There is no denying that crime, in general, needs environmental conditions, and especially environmental conditions of violence and environmental conditions of incitement speech. What happened in Palestine in the last years is speech incitement of the highest degree. Violence speech of the highest degree in mosques, and occasionally in the media, from many politicians… If we examine the sermons in mosques, we find many of them, not all – on the contrary! There are a number of Imams who promote social peace – but there are Imams who incite to killing: killing of women, beating children, killing the “other”, rejection of the “other’s” opinion. A whole generation was raised on the denial of the “other” and erasing him completely, and to the possibility of killing him without any restraint or problem.”
[PA TV, March 6, 2007]

And who, outside of the atmosphere of fear and intimidation that prevails in the PA territories has refused to discuss this?

1) Journalists from the MSM like Steve Erlanger who don’t find the space to discuss it in an article on the devastating impact of the conflict on this “lost” generation of Palestinian youth, who admit that it’s a worthy subject, but who manage to find other things to write about that indict Israel.
2) Pro-Palestinian advocates — including the hyper-critical Jews — who carry on about how it’s Israel who refuses to acknowledge the “other” and deny the Palestinians what they themselves want.
3) Politically correct politicians who insist on ignoring all of the evidence that Palestinian and Arab leaders sacrifice the Palestinian people to their vendetta against Israel.
4) Post-colonial Academics who refuse to deal with these issues, who ignore the dynamics of honor-shame culture because to focus on such matters would, as Edward Said insists, be “racist.”

4 Responses to Palestinian Self-Criticism: Give Credit Where Due

  1. Michael B says:

    I can’t help but wonder what type of reception Dr. Nadir Sa’id has been given, within his own institution, Bir Zeit, also within associated institutions more peripheral to Bir Zeit, and Palestinian society as a whole, not to mention within the PA, Hamas, etc. E.g., was there any positive feedback, encouragement? or has it all been isolation, ostracizing and censoring types of responses? To be a fly on the wall …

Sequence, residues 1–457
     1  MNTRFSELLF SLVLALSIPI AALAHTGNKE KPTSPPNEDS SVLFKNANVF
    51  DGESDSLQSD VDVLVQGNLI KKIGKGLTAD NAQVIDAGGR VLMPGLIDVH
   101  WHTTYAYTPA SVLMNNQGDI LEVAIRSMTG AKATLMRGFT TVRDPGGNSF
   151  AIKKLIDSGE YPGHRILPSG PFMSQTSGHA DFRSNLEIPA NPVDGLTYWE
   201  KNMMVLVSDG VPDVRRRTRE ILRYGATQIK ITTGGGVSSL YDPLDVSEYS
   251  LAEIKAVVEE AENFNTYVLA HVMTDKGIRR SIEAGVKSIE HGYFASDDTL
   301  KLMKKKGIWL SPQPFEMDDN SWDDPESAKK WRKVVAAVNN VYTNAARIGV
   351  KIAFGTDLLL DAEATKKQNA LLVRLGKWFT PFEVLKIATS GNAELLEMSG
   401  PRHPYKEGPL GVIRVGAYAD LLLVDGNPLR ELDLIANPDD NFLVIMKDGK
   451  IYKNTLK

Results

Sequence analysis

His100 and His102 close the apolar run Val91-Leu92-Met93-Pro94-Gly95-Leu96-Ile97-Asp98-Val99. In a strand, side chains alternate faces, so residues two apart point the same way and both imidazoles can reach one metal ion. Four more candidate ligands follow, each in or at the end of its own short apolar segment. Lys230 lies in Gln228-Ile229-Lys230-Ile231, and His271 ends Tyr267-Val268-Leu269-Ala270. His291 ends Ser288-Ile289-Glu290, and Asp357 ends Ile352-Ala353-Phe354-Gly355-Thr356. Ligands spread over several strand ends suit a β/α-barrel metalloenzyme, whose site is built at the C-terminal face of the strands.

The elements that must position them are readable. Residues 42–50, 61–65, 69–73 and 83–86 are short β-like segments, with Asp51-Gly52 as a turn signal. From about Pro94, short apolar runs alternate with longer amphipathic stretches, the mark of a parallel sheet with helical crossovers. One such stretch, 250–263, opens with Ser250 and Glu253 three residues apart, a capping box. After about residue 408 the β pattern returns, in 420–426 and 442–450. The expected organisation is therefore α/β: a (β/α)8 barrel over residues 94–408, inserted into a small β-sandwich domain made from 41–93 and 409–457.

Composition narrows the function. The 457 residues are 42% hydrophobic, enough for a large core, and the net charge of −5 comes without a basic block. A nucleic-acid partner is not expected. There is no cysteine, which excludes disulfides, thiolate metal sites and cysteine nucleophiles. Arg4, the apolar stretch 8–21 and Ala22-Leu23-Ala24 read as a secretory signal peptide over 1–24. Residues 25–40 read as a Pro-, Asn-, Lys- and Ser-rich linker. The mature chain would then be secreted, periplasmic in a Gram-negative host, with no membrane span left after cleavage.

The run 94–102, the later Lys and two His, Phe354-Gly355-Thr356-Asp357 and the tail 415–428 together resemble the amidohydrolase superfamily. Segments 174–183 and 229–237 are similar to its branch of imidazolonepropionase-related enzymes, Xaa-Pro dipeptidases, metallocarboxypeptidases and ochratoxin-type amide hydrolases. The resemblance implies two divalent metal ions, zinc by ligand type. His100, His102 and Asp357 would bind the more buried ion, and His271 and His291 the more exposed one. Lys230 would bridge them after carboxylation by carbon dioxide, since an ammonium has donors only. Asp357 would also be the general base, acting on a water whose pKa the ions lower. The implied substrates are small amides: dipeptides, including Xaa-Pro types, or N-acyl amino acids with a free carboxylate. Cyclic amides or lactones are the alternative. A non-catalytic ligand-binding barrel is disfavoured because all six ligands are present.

Too, I suspect Columbia, Yale, etc. are not going to be offering Dr. Sa’id a position any time soon, even assuming he might have the bona fides. Perhaps that reflects a mere cynical or too skeptical outlook, though I doubt it given MESA’s history, (tenured?) profs such as Khalidi and Massad, etc.

  2. Incognito says:

    One lone voice of reason in a sea of hatred and lunacy isn’t, sadly, going to make much of a difference. and they will probably issue a fatwa against him. But it is nice to see there are a few out there.

  3. RL says:

    to Michael and Incognito:

    your comments both illustrate the dilemma. not only are such figures isolated and intimidated in their own cultures, but our (corrupt) academic culture plays along (only voices of rebellion against us are “authentic”).

    but i think that things may be changing. things like the gaza “sewage tsunami” are so obviously the result of a callous and incompetent leadership that even the UN doesn’t side with their typical “blame israel” response.

    and once the “my side right or wrong” mentality begins to crack, things could move quite quickly. (everyone in the PA has a thousand stories they could tell…)

    ironically, it’s here that the “progressives” who say they care about the fate of the palestinians could do something constructive by encouraging this criticism.

    but to paraphrase what golda meir said about the arabs and their children — only when the left loves the palestinians more than they hate the zionists, will the world have peace in this area.

  4. Michael B says:

    (only voices of rebellion against us are “authentic”)

    Yes, there’s an extraordinarily superficial quality to it all, the one-sidedness, disproportionate quality, self-blinded qualities, etc. OneCosmos has a post up summarizing much of this phenomena, if from a different angle, The Craven Conformity and Pseudo-Rebelliousness of the Left.